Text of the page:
I’ve long been fascinated by the history and sociology of bicycles – the invention of the safety bicycle in the 1880’s took the world by storm – suddenly there was an affordable means of transport which allowed clerical workers in country towns to live further from their places of work, agricultural workers to travel into town. And crucially allowed women to travel outside of the house, again opening up employment opportunities for them.
The safety bicycle changed people’s lives. If you’ve any doubt, watch people cycling to work on a summer’s morning through Vondelpark in Amsterdam, men and women, on bicycles which are basically updated versions of the original single speed safety bicycle, and you can get a glimpse of how transformative the bicycle was.
Before then people would have walked, or possibly caught a steam train and walked. No cars, no busses, no trams to speak of. Basically outside of cities, no public transport, and horses were expensive to keep and maintain, even for reasonably well off people.
I recently came across a project, the link is from Radio NZ, but the project is actually based at Goldsmith’s in London, which looked at the impact of cycling on women’s clothing.
In the 1880’s and 1890’s, men’s clothing was such that, with the possible exception of bicycle clips, they could just get on and ride – the bicycle was essentially ‘instant on’. No helmets to worry about, no special clothing or lycra, it could be ridden in ordinary clothes, meaning a man could ride one to his place of work without any great difficulty.
This convenience was one of the factors that spread the rapid adoption of cycling for men.
Not so for women. Middle class women were restricted by clothing and fashion that made it difficult to travel much outside of the house – long bulky skirts, voluminous petticoats, etc. What this project looked at was how women adapted clothing so that they could still ride bicycles, but then appear respectable at the other end.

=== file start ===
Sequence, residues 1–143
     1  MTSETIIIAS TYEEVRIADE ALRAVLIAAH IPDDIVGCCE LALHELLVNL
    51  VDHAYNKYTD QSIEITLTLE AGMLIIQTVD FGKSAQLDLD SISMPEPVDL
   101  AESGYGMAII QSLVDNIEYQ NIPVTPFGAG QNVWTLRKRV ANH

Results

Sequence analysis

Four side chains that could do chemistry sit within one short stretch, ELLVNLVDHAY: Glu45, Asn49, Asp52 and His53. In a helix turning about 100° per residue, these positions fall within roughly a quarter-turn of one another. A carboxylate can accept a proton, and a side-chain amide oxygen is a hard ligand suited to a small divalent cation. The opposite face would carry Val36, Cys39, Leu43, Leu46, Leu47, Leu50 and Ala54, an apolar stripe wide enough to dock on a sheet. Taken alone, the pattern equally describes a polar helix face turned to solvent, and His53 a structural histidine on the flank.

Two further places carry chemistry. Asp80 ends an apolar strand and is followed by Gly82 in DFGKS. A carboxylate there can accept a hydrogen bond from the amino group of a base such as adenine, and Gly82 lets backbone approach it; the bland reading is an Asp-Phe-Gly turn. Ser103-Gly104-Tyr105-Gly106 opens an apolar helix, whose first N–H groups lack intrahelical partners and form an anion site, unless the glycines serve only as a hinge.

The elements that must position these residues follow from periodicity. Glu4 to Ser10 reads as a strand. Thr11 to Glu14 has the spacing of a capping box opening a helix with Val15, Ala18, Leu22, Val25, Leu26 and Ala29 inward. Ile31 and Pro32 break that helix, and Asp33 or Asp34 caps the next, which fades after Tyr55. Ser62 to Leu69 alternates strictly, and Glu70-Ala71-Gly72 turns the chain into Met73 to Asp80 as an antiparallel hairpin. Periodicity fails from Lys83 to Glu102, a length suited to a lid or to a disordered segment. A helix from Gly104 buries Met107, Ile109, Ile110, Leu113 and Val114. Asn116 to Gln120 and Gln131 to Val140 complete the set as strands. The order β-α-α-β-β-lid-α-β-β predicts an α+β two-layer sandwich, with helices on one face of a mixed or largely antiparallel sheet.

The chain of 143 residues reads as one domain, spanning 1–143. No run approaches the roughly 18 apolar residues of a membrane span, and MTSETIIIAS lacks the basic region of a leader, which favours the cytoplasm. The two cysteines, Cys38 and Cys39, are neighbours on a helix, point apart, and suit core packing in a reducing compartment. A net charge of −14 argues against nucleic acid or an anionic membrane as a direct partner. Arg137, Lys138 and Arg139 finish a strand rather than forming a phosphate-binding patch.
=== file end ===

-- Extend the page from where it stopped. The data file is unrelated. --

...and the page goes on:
What was particularly interesting was that they looked at patents for various cycling garments, and then made up patterns to make reproductions of the garments, and then try them out – something no clothing curator would have let them do with museum pieces – experimental sociology no less.
If I’ve a criticism of the project it was that it focussed on middle class women. I would have liked to know what working women, who probably had a more restricted wardrobe and less opportunity to purchase or make up extra clothes did – which as this is period where increasing numbers of women went or work in factories, or took up new and previously unknown professions such as ‘lady typewriters”, ie typists, or indeed the large number of young single women employed as domestic servants.
That aside, it’s an interesting project, and highly innovative in its trawling of nineteenth century patents to find information about how women’s dress changed to accommodate the changes in women’s lives made possible by the safety bicycle …